Failing on Two Fronts
In a new CEPR report out today, I argue that the US labor market is failing on two fronts. The first failure is the decades-long stagnation of real wages at the middle and the bottom of the wage scale –even as earnings at the top have grown rapidly. The second failure, only apparent since the early 2000s, is the sharp deterioration in job creation.
In the standard view, high and rising wage inequality was supposed to have been the secret ingredient that allowed the US economy to create jobs more rapidly than other more “rigid” economies. I’ve never been convinced by that particular argument, but at least before about 2000 there was a case that the US economy was doing a decent job creating jobs, whatever the specific cause. But, as this new report demonstrates, since the early 2000s, the US employment performance has been pretty dismal. If inequality was ever driving job creation, it hasn’t been doing so for more than a decade.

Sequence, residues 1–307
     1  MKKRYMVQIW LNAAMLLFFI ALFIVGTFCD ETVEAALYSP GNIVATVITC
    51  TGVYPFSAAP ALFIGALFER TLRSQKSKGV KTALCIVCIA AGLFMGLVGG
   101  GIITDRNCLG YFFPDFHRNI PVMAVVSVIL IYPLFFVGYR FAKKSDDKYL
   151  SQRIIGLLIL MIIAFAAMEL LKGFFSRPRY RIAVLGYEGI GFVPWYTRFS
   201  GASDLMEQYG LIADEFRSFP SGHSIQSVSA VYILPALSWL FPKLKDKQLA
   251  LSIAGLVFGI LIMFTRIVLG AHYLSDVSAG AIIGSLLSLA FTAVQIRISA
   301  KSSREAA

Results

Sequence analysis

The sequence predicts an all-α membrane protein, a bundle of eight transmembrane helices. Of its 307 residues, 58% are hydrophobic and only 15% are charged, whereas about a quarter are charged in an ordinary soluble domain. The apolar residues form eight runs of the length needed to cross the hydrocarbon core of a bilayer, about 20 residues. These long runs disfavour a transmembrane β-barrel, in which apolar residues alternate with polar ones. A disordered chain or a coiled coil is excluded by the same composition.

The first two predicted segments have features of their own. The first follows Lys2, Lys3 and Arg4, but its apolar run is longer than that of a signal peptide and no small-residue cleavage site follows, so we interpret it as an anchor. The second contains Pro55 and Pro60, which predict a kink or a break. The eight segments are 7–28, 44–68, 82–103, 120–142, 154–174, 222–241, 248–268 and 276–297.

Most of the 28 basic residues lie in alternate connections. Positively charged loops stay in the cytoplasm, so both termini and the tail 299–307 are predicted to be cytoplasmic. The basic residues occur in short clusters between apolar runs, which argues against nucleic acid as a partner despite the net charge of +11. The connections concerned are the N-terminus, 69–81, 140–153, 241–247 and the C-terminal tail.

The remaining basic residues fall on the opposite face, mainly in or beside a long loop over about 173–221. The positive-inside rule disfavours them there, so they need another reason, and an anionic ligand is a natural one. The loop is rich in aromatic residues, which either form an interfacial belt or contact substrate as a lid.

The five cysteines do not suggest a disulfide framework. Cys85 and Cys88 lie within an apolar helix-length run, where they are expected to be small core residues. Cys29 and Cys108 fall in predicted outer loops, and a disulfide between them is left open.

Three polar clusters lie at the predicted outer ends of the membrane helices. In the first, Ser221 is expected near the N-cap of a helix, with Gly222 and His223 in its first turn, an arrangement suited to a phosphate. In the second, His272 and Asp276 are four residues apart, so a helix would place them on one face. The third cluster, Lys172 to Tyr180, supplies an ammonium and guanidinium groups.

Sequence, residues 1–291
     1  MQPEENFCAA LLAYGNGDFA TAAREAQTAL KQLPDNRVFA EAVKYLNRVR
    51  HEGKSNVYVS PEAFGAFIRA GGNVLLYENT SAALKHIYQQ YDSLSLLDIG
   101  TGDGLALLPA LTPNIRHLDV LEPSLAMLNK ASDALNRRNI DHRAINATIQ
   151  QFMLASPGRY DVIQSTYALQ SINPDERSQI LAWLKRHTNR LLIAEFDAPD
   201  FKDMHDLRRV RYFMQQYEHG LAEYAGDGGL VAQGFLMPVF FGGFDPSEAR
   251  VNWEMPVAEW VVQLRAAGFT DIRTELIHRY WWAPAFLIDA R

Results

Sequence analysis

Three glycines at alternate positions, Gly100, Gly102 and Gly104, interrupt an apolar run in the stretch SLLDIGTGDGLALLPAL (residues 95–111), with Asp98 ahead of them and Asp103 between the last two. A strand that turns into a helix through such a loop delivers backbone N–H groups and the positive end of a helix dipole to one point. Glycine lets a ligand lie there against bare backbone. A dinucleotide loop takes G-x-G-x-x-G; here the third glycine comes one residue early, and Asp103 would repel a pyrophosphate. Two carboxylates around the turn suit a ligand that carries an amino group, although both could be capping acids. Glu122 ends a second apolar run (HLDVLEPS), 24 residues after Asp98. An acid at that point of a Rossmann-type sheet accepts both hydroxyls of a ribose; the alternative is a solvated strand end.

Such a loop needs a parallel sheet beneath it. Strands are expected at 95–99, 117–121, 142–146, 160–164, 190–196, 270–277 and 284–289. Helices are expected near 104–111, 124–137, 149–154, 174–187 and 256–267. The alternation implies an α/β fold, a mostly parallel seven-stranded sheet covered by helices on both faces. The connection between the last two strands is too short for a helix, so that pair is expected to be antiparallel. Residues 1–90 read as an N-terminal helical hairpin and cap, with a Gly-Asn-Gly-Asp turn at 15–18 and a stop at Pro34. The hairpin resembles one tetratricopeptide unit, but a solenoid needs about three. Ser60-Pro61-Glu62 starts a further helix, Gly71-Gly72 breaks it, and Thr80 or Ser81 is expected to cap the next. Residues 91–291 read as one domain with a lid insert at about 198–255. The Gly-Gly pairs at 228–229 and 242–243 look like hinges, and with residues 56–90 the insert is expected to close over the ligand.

I place the blame for both of these failures squarely on economic policy. A broad set of policies –from the decline in the value of the minimum wage to a string of bad trade deals– have undermined the bargaining power of workers, driving up inequality (see an older CEPR report for a longer discussion). Meanwhile, bad macroeconomic policy has simultaneously reinforced this downward pressure on wages and hobbled the once impressive US “jobs machine.”